David Stalker is CEO at Myzone, a former CEO of ukactive and CIMSPA Chair. He was a judge in the Raising Your Bar category of the Legacy Awards, dedicated to Future Fit Training’s (FFT) current students and graduates.
“Many of them have no experience whatsoever so the awards are celebrating bravery, entrepreneurial spirit and a drive to succeed – for me that’s a really positive twist.”
Alongside three other judges, David saw presentations from eight finalists at the awards ceremony and was “taken aback” by every single one.
“I was knocked off my feet by the efforts of these people; I walked out of there stunned,” he says. “I went along expecting to hear some great stories; I didn’t expect to be so moved that I needed to gather my thoughts before carrying on with my day. There’s a tendency, when you’ve been doing something for a long time, to become cynical. I left thinking that this 30-year journey seems more than worthwhile if it means I get to meet and perhaps mentor such inspiring people.”
David was particularly moved by Joseph Bleetman, an 18-year-old who won Gold in the Raising Your Bar award. Joseph, who has experienced a range of social and mental health issues, had dedicated the last few years to exploring the topic and creating a business plan. His aim is to offer fitness training to underprivileged youths and adolescents facing mental health difficulties, and to use fitness as an alternative therapy for anxiety and depression.
“He may have looked his age, but his vision, his courage and his story were way beyond his years,” says David. “I found myself looking at him and wishing I’d had the maturity of thought he does when I was his age. I was inspired by his enthusiasm.”
Jaina Mistry’s experiences of overcoming adversity and severe health challenges also stayed with David. Aged just 17, she suffered from Stevens Johnson Syndrome, a rare life-threatening illness triggered by an allergic reaction to penicillin. After 12 days in ICU, she woke to learn she had lost 60% of her skin, suffered visual scarring and severe respiratory damage. Within 12 months she lost her eyesight. Now she is determined to make a difference as a nutrition advisor, guiding and motivating people to shift the way they think about food and movement.
David says: “The way Jaina has dealt with the personal challenges thrown at her could not be anything other than moving. What I loved was her positivity – she has embraced the misfortune that came her way and it’s not going to stand in the path of her career. She will do anything to help people, whether they’re facing challenges similar to her own or not. The enthusiasm despite adversity … inspirational! It’s a word that applied to every finalist.”
Each of the Raising Your Bar winners received membership to CIMSPA, which David believes is vitally important. He argues that if the fitness industry is to stand up alongside, for example, architects or engineers as a viable profession it needs to be led by a forward-thinking organisation. “For me, that organisation is our chartered institute, CIMSPA. And if aspirational, inspirational people like the Legacy Awards finalists are part of CIMSPA, they will help to drive our industry higher up on the national agenda and ultimately help us get more people more active more often,” he says.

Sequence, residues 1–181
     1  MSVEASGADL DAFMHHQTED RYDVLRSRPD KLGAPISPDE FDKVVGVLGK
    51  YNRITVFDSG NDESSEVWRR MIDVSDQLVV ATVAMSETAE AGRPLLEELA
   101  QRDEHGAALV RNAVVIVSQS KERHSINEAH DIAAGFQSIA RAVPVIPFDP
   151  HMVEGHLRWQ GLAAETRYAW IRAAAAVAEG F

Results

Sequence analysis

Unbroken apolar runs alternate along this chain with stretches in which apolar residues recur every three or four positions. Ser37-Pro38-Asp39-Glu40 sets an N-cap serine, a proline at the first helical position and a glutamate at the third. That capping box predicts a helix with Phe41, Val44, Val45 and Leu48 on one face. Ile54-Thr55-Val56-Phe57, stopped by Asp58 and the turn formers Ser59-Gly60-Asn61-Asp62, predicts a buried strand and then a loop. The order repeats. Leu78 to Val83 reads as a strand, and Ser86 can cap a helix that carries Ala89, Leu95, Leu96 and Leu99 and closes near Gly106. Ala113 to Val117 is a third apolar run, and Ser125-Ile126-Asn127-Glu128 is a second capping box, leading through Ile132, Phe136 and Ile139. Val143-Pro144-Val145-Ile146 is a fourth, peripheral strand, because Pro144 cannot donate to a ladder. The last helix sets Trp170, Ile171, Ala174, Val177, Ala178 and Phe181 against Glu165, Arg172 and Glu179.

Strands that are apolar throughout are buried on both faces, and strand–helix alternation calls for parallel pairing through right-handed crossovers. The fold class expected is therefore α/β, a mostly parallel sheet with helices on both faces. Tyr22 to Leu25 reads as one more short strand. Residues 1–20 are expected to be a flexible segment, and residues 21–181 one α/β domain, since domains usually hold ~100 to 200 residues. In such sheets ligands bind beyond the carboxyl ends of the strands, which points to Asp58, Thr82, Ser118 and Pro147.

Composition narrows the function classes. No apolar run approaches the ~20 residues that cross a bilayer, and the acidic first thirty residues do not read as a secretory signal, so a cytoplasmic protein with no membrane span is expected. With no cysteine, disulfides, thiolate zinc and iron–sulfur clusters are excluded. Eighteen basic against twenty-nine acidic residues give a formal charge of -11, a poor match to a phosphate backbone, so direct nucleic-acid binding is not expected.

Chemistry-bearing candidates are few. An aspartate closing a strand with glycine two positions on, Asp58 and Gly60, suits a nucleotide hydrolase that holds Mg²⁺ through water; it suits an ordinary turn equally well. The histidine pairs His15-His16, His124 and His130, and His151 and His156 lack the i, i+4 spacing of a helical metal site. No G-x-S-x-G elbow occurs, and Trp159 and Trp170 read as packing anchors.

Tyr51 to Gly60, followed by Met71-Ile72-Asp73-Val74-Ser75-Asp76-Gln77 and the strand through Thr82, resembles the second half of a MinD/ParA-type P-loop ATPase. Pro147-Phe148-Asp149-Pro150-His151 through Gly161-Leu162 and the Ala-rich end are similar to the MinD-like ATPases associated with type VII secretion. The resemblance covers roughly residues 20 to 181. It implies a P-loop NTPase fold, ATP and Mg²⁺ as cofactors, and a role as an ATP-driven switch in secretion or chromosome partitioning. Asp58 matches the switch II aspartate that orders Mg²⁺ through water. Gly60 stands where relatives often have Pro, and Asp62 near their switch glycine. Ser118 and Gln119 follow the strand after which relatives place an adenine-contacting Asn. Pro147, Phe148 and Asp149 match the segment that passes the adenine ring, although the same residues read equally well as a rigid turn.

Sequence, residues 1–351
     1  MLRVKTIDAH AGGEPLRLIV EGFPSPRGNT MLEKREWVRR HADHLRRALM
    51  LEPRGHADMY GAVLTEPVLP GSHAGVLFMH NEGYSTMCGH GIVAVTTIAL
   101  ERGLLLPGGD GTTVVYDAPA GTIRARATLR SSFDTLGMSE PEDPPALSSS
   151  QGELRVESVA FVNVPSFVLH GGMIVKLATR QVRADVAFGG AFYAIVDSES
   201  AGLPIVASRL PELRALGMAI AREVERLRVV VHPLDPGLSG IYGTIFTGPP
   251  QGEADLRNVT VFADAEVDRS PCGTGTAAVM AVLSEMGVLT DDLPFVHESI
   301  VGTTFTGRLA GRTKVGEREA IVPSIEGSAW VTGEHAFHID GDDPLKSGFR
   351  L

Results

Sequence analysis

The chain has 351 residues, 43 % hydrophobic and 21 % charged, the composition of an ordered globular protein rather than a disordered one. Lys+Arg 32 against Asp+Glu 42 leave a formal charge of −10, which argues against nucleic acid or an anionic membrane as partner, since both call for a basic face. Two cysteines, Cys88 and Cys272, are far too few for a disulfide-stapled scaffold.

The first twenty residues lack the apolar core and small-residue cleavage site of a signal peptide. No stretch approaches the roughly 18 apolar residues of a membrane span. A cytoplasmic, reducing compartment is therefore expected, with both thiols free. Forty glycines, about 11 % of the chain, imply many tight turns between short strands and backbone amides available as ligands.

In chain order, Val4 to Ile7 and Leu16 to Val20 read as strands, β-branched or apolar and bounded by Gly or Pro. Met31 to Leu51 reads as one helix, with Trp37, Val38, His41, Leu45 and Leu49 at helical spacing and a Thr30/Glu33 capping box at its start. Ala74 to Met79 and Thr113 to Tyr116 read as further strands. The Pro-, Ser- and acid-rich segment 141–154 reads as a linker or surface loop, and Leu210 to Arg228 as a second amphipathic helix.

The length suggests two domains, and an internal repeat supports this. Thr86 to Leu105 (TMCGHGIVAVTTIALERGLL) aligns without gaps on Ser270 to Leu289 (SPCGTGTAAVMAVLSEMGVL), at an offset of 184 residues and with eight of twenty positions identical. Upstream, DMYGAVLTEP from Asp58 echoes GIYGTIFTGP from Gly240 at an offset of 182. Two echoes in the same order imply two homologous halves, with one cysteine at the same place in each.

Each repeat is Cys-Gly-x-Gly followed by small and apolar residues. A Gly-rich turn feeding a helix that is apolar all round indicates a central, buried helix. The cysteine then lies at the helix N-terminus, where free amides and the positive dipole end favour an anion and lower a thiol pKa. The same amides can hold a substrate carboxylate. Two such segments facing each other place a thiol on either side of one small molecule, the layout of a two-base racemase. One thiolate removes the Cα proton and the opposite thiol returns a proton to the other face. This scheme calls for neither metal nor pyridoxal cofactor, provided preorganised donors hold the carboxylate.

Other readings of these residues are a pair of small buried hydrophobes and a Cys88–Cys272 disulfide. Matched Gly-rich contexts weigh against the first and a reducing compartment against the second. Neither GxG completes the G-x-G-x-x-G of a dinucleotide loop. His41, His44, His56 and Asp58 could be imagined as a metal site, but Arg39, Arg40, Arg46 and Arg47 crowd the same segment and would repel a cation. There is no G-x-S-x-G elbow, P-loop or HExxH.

David goes on to say he wishes the Legacy Awards had existed when he was starting out in the fitness industry. “The awards are creating something I wish had existed in my day. They’re putting young, inspirational people together with those of us who’ve been around the block a few times, offering them the opportunity to be mentored by those of us who’ve already made lots of mistakes. I love that,” he says.
And this is where he sees the Legacy Awards growing and flourishing in the future – creating a mentoring network, which will afford up-and-coming industry professionals the opportunity to use the experience and expertise of the industry’s many stalwarts.
“Once people begin working in this industry, they tend to stick around … look at me!” David says. “I wholly condone those who are moving up the ranks using the benefit of our experience to drive forward our industry. I think this is a fantastic scheme and, as they develop, I would be honoured to mentor any of the people I met that day. Everyone is too busy these days. But I am never too busy to help any of the finalists.”
Asked what advice he would give to people starting their career in the fitness industry in 2019, David says: “Do not stop questioning why things are happening. You are the people who are likely to impact; you’ll be the ones making the difference in this industry in years to come. You’re going to take responsibility for driving the nation’s physical activity levels forward and that’s huge, so you need to keep your minds and your ears open, keep asking questions and keep listening.”